Posted by Oishee Roy

Sex education in a country like India is almost nonexistent. And when it does exist, it is full of gender biases and stereotypes which lead to misconceptions in the minds of teenagers.

The queer community, which does not follow socially sanctioned identities, receives the worst backlash from the society. The sheer ignorance on the part of the government, as well as the society, makes them suffer the worst adversities. The education system is the pillar of the future and it needs to be strong and resilient – not only in terms of economy and politics – but also in terms of creating a society that is inclusive of everyone regardless of their gender identity and sexual orientation. The most viable and effective tool which can be used to sensitise students as well as faculty is the introduction of queer inclusive Comprehensive Sexuality Education.

Comprehensive Sexuality Education (CSE), according to UNESCO is defined as, “a curriculum-based process of teaching and learning about the cognitive, emotional, physical and social aspects of sexuality. It aims to equip children and young people with knowledge, skills, attitudes and values that will empower them to realize their health, well-being and dignity; develop respectful social and sexual relationships; consider how their choices affect their own well-being and that of others; and understand and ensure the protection of their rights throughout their lives.”  

Why CSE is important

Talking about sexuality is considered a taboo, but as children hit puberty, they have legitimate questions about their changing bodies. They deserve reliable and factually correct answers to these questions. The significance of such answers become even more crucial in cases of children belonging to the queer community as their sexual needs and gender identity are at odds with what the society defines as the norm.

A well tailored, factually correct and enriching sexuality course in the curriculum would help all children, regardless of their sexual orientation and gender identity, to understand sexuality, gender roles, inclusion, reproductive health and wellbeing in a positive light. It will make them take care of their physical and mental well-being as well as those of others around them. The Adolescence Education Program does exist in India’s education system, but it has been unsuccessful due to the stigma around discussing sexual and reproductive health.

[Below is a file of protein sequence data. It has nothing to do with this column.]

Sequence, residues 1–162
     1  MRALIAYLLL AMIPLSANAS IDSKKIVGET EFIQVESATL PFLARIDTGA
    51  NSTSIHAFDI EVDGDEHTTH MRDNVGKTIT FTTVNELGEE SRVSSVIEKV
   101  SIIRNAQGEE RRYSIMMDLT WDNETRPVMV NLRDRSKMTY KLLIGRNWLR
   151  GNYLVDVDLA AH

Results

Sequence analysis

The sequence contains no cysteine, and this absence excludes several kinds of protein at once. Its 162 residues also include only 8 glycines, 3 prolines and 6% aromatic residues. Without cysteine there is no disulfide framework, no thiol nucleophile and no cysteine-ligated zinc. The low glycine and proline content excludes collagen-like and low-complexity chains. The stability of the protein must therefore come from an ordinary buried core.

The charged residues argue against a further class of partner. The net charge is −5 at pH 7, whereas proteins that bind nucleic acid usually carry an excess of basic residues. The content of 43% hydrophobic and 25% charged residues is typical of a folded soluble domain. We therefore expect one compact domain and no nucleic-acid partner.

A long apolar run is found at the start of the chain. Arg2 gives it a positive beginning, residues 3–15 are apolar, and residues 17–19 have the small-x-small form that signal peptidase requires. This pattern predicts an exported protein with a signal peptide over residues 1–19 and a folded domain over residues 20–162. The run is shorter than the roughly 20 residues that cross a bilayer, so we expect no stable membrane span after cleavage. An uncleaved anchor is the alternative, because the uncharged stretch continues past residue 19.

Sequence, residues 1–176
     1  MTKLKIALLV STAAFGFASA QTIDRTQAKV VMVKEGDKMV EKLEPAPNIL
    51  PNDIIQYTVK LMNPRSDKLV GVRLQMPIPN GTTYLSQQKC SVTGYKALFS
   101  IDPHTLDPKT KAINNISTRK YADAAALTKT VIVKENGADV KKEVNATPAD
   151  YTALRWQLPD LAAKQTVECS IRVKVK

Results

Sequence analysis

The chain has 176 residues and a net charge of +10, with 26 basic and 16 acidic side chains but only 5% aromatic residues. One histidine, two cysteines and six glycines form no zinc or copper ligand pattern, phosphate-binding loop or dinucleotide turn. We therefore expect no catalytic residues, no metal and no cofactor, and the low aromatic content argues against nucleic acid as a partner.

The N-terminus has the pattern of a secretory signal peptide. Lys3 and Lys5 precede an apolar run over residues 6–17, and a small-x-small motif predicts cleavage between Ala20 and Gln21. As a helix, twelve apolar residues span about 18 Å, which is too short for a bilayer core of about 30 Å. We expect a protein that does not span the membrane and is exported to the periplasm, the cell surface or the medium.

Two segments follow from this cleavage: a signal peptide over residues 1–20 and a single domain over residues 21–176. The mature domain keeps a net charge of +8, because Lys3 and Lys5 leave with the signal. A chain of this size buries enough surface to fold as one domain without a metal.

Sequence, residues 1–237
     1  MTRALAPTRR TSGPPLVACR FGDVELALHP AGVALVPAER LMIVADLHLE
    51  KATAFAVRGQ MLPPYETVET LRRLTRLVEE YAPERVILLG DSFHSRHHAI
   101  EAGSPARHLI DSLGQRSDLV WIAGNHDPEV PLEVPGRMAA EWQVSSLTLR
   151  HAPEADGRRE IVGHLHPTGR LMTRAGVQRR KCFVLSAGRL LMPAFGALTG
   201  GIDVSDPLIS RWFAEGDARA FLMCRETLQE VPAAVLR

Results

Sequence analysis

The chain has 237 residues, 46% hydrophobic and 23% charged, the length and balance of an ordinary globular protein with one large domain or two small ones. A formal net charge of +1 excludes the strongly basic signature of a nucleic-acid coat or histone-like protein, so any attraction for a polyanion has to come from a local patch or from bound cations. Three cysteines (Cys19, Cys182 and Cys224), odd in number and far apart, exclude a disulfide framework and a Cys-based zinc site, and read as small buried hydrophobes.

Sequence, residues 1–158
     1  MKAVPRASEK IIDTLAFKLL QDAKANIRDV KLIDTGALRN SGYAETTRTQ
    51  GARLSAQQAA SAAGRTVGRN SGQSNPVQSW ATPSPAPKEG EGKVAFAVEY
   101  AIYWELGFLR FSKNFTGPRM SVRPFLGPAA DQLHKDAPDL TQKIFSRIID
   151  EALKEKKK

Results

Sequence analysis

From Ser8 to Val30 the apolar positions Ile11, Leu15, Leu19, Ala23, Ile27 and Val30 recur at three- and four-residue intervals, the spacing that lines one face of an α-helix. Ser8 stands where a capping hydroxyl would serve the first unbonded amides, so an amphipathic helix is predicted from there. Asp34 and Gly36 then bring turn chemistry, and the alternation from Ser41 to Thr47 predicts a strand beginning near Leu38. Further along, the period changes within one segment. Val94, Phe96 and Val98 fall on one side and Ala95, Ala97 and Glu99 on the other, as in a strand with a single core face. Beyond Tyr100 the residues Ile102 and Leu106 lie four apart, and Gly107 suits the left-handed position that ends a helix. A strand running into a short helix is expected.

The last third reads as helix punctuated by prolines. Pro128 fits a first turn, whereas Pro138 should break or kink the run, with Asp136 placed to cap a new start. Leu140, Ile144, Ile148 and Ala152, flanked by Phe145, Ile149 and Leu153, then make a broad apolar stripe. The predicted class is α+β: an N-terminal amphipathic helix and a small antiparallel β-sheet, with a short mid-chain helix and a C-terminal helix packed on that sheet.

CSE is even more crucial for queer children as their sexual needs & gender identity are at odds with what society defines as the norm.

CSE will make a better impact with the inclusion of teachers and parents, as students instinctively look upon them for approval. Adults who are aware of these questions complement and facilitate this kind of learning. The first step towards ensuring the positive support from teachers and parents is by holding separate sessions with them, making them understand the need of CSE and why it is important for a person’s well being. It will help them become more understanding of their children/students’ sexual choices and gender expressions, thus promoting a better social and safe environment for the children.

The presence of queer inclusive sexuality education would be a major win for the queer community as it would lead to a safer place for them to express themselves without getting moral policed or shamed for their identities. 

How to implement CSE?

Having said that, how can CSE be implemented in a country where textbooks are used for political agendas? One way is to invite NGOs and organizations which specialise in presenting CSE to students. Secondly, a petition can be filed for the inclusion of CSE as an important part of the curriculum. Thirdly, teachers can also hold discussions to break the ice around the issue.

International Federation of Medical Student’ Associations (IFMSA) conducted a CSE workshop on two groups of students. The first age group consisted of children from 11-13 years of age and the second group had children of the age group 14-15. The group dealt with the topics of safe and unsafe touch, pubertal changes and intercourse. The second group dealt with pubertal changes, anatomy, intercourse, consent, contraception and sexuality. The impact of the workshop was evaluated by a pre and post event questionnaire presented to the students. In collaboration with Talking About Reproductive and Sexual Health Issues (TARSHI), campaigns are being conducted with basic online courses as a way to impart correct information to students across the country. It takes into account every person regardless of their sexual orientation.

This is an efficient way, but time is running out and we, as responsible and aware citizens, need to make sure that the society is inclusive of everyone’s needs without endangering anyone’s physical and mental health. Having discussions with peers and supporting such LGBTQ+ organisations via different methods can be helpful in spreading awareness.

Also read: Why Do We Need CSE In Our Classrooms? An Educator’s Perspective | #WhyCSE


Oishee is a part-time word weaver, part-time reader and a feminist. Follow her on Instagram

Featured Image Source: GCN

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